We have been running a series of workshops for the RadioActive project on developing internet radio stations. Part of this is about content and part around the technical side of streaming internet radio.
In theory the technical side should be easy – we take a series of feeds – from microphones, MP3 players, from a computer and mix them through a 8 track mixing deck before returning the signal to the computer, streaming it to a streaming server in London and hence to the internet. Indeed, so easy we thought it, that we designed the technical training as a breakout session from the main workshops.
We were wrong. The struggle with the technocracy has proved to be the main problem with the RadioActive project. And we came to realize the problem. We had showed people how to set the computer and deck up. But we had not explained the underpinning theories and ideas behind the audio set up. Fine if it all worked our of the box. But if it didn’t then without an understanding of what different components are doing, it is mighty hard to diagnose where the problem is.
Secondly we paid insufficient attention to the issue of leveling. Fairly obviously different inputs will have different levels (just like people – I am make an incredibly loud input). And one of the skills of the technician is leveling those inputs, both using presets during a sound check and adjusting the faders (and if necessary, the gain) during the broadcast. Also, post processing on pre-recorded items can help in getting a common level.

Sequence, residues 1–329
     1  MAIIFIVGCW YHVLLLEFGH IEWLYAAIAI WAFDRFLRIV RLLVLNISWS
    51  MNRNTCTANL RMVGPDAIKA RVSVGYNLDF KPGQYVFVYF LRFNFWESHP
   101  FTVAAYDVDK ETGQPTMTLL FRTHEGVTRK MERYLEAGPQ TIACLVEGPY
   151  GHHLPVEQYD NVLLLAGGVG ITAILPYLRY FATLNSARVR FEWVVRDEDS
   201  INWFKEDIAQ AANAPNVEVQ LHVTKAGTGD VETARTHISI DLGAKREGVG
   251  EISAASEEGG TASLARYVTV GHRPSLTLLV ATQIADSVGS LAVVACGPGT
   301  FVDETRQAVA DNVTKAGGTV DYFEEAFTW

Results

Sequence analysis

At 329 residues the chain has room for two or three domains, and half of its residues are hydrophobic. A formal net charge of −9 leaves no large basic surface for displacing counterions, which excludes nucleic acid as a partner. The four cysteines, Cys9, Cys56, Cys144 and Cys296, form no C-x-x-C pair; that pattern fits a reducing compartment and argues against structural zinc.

I could sort of operate the deck and system myself. But I had just picked it up as I went along and had no real knowledge of what the different buttons did.
And one of the issues was that people kept asking for us to tell them the ‘right’ why to do it, when , in truth there are many different ways to set the system up. But, once more, to understand the different possible set ups, which is useful when you discover you have left a key connecting cable behind, means having a more theoretical understanding of what we are doing than just following a diagram.
So we have revamped our technical training for internet radio. We have turned it into a two-day module and are experimenting with outcomes based accreditation. Dirk delivered the first workshop for the London partners two weeks ago. And I followed the same programme in Bucharest with our partners from Romania.
One of the critical aspects is we go far further into the theory, explaining what each part of the equipment does before even trying to connect it all up.
And it seems to work. Our Romanian partners broadcast a wonderfully smooth programme last Friday lunchtime. We still have some things to learn – we had forgotten to teach them how to use remote recorders. But the programme is getting set on the right course. Next step I think – is to try to produce some open educational resources and multimedia to supplement the face to face training